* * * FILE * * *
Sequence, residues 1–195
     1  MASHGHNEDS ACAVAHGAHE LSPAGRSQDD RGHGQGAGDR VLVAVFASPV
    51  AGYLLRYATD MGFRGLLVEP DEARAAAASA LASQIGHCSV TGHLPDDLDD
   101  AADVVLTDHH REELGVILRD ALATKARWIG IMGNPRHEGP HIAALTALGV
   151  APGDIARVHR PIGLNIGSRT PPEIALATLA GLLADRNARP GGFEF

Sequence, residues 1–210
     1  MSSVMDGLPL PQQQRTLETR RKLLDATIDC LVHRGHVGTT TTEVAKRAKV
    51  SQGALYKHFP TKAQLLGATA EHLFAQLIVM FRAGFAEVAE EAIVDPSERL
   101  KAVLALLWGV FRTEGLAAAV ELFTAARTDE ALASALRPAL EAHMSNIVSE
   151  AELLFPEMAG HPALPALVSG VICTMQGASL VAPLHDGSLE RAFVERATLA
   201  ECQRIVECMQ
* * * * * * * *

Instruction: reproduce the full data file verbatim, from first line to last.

Sequence, residues 1–195
     1  MASHGHNEDS ACAVAHGAHE LSPAGRSQDD RGHGQGAGDR VLVAVFASPV
    51  AGYLLRYATD MGFRGLLVEP DEARAAAASA LASQIGHCSV TGHLPDDLDD
   101  AADVVLTDHH REELGVILRD ALATKARWIG IMGNPRHEGP HIAALTALGV
   151  APGDIARVHR PIGLNIGSRT PPEIALATLA GLLADRNARP GGFEF

Sequence, residues 1–210
     1  MSSVMDGLPL PQQQRTLETR RKLLDATIDC LVHRGHVGTT TTEVAKRAKV
    51  SQGALYKHFP TKAQLLGATA EHLFAQLIVM FRAGFAEVAE EAIVDPSERL
   101  KAVLALLWGV FRTEGLAAAV ELFTAARTDE ALASALRPAL EAHMSNIVSE
   151  AELLFPEMAG HPALPALVSG VICTMQGASL VAPLHDGSLE RAFVERATLA
   201  ECQRIVECMQ